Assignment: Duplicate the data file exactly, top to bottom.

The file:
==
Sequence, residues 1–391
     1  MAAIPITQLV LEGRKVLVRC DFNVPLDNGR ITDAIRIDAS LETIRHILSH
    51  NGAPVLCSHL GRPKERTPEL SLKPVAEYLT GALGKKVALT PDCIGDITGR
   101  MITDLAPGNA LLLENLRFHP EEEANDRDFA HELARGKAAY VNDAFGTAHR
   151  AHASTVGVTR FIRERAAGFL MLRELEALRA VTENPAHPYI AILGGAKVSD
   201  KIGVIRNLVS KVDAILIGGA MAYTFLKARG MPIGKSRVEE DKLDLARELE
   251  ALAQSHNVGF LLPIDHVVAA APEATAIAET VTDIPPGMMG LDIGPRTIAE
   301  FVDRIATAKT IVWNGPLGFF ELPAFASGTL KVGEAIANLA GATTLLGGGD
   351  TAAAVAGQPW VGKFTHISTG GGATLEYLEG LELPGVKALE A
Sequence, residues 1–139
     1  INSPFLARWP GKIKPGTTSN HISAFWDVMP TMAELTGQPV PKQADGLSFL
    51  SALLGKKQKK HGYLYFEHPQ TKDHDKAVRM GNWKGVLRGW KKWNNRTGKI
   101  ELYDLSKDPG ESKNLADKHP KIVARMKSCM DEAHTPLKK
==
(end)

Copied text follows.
Sequence, residues 1–391
     1  MAAIPITQLV LEGRKVLVRC DFNVPLDNGR ITDAIRIDAS LETIRHILSH
    51  NGAPVLCSHL GRPKERTPEL SLKPVAEYLT GALGKKVALT PDCIGDITGR
   101  MITDLAPGNA LLLENLRFHP EEEANDRDFA HELARGKAAY VNDAFGTAHR
   151  AHASTVGVTR FIRERAAGFL MLRELEALRA VTENPAHPYI AILGGAKVSD
   201  KIGVIRNLVS KVDAILIGGA MAYTFLKARG MPIGKSRVEE DKLDLARELE
   251  ALAQSHNVGF LLPIDHVVAA APEATAIAET VTDIPPGMMG LDIGPRTIAE
   301  FVDRIATAKT IVWNGPLGFF ELPAFASGTL KVGEAIANLA GATTLLGGGD
   351  TAAAVAGQPW VGKFTHISTG GGATLEYLEG LELPGVKALE A
Sequence, residues 1–139
     1  INSPFLARWP GKIKPGTTSN HISAFWDVMP TMAELTGQPV PKQADGLSFL
    51  SALLGKKQKK HGYLYFEHPQ TKDHDKAVRM GNWKGVLRGW KKWNNRTGKI
   101  ELYDLSKDPG ESKNLADKHP KIVARMKSCM DEAHTPLKK